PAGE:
On the Sunday before Moderna Inc. launched one of the biggest initial public offerings in biotechnology history, one of its earliest investors was giving a lecture about rocks.
Timothy Springer, a professor of medicine at Harvard Medical School, is a collector of gongshi, or scholars’ rocks, from China. As Moderna executives prepared for the company’s much-anticipated stock-market debut, the unassuming academic spoke at the Boston Sculptors Gallery about his search for the fantastically shaped stones that have inspired poets and artists for centuries.
“The way he’s interested in stones, it’s the same way he’s interested in his work,” said Kemin Hu, one of the world’s foremost experts on the stones. Springer is one of her students. “When he loves something, he wants to do something. For science you need this kind of spirit.”
Springer is the fourth-largest shareholder of Moderna, which hopes to make personalized cancer vaccines. He’s invested $5 million and now owns 17.3 million shares, which at the IPO price of $23 a share were valued at roughly $400 million. Even after Moderna stock sank by nearly 20 percent on their first day of trading, his stake was worth $320 million.
Moderna wasn’t Springer’s first windfall. He’s become one of the wealthiest academics in the U.S., having made about $100 million when his first venture, a drugmaker called LeukoSite, was bought by Millennium Pharmaceuticals in 1999. Since then, he has become a prolific backer of young biotechnology companies.
Despite his expanding wealth, Springer retains the mien of the researcher. He wears jeans, bikes to work and socializes with other academics. He spends more time with fleece-clad scientists than Ferragamo-shod bankers.
“I have an academic lifestyle,” Springer said in an interview. “I’m not into ramen noodles, but my friends are academics, so it doesn’t really behoove me to be flashy.”
His few indulgences include a modernist home in Boston’s upscale Chestnut Hill neighborhood, where Springer, 70, devotes his surplus energy to keeping a prolific garden.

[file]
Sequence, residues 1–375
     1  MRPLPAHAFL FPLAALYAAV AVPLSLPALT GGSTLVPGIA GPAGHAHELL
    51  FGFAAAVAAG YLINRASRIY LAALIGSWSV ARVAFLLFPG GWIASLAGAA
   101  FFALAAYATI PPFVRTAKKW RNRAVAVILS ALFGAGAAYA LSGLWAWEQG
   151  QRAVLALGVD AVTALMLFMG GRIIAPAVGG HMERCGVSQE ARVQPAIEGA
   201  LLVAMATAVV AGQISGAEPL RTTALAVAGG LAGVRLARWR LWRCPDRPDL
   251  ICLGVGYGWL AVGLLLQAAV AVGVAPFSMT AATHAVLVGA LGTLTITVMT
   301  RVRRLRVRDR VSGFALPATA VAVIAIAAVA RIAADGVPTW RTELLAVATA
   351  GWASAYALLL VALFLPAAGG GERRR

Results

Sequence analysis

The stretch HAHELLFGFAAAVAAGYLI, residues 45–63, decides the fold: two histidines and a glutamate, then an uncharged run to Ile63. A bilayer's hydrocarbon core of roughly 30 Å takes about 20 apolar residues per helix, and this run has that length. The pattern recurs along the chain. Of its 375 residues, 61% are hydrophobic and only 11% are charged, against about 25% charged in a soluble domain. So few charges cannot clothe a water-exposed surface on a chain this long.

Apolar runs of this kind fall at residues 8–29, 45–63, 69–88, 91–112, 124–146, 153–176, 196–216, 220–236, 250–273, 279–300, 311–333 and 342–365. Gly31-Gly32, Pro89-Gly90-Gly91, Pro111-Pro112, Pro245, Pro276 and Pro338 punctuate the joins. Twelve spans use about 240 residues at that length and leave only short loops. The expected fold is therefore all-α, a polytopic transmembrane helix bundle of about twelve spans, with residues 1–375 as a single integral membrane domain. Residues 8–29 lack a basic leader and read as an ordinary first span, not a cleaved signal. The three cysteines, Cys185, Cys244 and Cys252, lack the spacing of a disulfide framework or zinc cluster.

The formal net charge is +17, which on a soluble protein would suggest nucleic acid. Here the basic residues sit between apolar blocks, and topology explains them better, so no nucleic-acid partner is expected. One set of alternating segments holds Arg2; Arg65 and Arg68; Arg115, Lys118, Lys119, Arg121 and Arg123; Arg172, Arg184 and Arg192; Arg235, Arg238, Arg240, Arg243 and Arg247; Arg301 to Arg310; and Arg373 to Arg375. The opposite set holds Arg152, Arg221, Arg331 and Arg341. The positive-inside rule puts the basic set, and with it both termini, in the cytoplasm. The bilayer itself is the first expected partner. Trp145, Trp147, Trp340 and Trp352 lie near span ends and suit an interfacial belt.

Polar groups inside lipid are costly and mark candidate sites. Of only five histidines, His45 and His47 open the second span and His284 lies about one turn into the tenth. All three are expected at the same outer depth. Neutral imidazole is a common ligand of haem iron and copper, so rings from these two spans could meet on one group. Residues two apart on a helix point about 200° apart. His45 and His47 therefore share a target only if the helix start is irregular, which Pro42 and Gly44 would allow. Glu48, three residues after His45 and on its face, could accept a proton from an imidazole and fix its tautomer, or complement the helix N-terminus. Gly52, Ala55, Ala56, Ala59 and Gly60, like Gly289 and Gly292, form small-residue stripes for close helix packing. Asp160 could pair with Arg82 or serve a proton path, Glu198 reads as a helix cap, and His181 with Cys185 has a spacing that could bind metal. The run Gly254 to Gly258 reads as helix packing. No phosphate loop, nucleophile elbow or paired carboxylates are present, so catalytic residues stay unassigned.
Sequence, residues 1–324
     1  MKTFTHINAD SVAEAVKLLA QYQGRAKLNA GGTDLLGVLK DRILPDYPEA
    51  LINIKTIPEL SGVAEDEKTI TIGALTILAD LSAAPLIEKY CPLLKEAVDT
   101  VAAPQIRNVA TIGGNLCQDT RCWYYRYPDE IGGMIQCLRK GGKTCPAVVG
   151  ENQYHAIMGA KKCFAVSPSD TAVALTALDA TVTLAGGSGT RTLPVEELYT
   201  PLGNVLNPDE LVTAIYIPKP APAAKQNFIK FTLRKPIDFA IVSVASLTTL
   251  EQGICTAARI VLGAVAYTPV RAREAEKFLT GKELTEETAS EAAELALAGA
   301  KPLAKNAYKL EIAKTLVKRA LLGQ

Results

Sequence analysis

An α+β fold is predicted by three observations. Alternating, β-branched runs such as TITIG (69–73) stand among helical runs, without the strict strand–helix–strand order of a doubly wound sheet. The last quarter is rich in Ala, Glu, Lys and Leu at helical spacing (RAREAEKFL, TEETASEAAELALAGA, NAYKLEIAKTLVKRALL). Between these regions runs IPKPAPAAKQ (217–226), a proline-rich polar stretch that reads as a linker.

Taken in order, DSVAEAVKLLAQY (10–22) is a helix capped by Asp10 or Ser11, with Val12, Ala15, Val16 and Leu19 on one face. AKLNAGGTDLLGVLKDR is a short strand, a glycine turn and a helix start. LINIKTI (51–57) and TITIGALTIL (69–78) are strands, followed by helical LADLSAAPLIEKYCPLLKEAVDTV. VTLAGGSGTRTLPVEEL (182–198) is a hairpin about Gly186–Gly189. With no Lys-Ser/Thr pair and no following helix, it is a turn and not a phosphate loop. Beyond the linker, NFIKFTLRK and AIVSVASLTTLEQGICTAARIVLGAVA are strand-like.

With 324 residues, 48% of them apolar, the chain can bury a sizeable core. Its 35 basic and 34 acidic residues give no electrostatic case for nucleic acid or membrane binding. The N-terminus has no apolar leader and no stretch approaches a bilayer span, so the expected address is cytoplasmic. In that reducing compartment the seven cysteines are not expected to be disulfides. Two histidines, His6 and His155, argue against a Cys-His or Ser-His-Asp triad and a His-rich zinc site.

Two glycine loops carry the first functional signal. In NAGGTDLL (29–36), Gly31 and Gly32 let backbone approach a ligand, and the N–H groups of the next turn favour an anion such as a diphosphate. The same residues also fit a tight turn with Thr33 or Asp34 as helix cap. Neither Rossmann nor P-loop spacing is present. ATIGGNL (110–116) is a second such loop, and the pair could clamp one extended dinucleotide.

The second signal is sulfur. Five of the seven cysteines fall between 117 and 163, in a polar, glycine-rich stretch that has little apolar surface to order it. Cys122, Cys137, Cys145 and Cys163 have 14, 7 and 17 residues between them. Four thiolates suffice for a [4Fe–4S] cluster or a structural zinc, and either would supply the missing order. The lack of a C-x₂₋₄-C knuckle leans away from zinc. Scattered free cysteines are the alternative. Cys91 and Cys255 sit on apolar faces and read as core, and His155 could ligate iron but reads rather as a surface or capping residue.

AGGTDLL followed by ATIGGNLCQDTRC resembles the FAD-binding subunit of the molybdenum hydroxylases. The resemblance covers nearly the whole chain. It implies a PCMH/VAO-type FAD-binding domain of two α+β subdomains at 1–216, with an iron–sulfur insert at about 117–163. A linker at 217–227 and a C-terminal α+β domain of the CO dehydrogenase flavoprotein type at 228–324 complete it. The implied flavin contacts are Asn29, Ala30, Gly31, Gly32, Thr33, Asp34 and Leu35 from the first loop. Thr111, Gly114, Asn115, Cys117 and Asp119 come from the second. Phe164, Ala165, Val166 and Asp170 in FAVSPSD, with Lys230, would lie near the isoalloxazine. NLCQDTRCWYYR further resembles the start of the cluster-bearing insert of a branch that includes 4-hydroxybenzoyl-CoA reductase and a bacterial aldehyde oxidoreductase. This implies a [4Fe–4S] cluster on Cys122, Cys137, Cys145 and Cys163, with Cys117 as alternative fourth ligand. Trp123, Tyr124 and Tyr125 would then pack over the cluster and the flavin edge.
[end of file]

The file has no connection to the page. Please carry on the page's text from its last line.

“We don’t have a second home,” he said. “If we go away in the summer, we can’t harvest the vegetables.”
Springer came to invest in Moderna by happenstance. In 2010, his Harvard colleague Derrick Rossi asked for advice on getting venture capitalists interested in his idea to use messenger RNA to transform stem cells for the treatment of disease. Rossi was having trouble finding funding and knew of Springer’s success with LeukoSite.
“They trotted it out to a few venture capitalists and no one wanted it,” Springer said. “He was my faculty colleague and so he came to me and I liked it and I put some money into it. I said if you like I can introduce you to some other people.”
Those people included celebrated Massachusetts Institute of Technology chemical-engineering professor Robert Langer and Flagship Pioneering, a Cambridge, Massachusetts, firm that incubates and launches life-science companies. Moderna was born.
Springer’s investment in Moderna also launched him as a notable backer of medical startups. He’s put his own money into companies such as Editas Medicine Inc., Selecta Biosciences Inc. and Morphic Therapeutics, which he helped found.
Another of Springer’s ventures called Scholar Rock Holding Co. -- a nod to his passion for the ornately shaped stones -- went public this year amid a wider surge in biotech IPOs. Since their May debut, the shares have risen more than 90 percent.
From December 2008 through this November, Springer estimates that his internal rate of return is about 57 percent. He often serves on the boards or scientific advisory committees of companies he’s backed.
Springer said investing is “a way of achieving things. There’s certain metrics you can achieve in academia, you can win prizes, you can have lots of citations to your publications. There’s very clear metrics in investing.”
“Making money is something that people desire to do and it’s not easy to do,” he said.
“I’m not into ramen noodles, but my friends are academics, so it doesn’t really behoove me to be flashy.”
His accumulating gains have allowed Springer to pursue larger goals. With $25 million of his own money, he founded a nonprofit called the Institute for Protein Innovation devoted to finding more effective antibodies. Past research in that area has helped to find blockbuster medications including AbbVie Inc.’s Humira, the best-selling drug in the world.
Springer says he will give away some of the institute’s discoveries for free. Part of its mission is to develop an open-source library of known antibodies, building a kind of protein recipe book to help researchers conduct basic science that drug companies, which are focused on more near-term horizons, won’t bankroll.
“I feel that I’ve had more than enough wealth for myself for some time,” Springer said. “I don’t feel I need more.”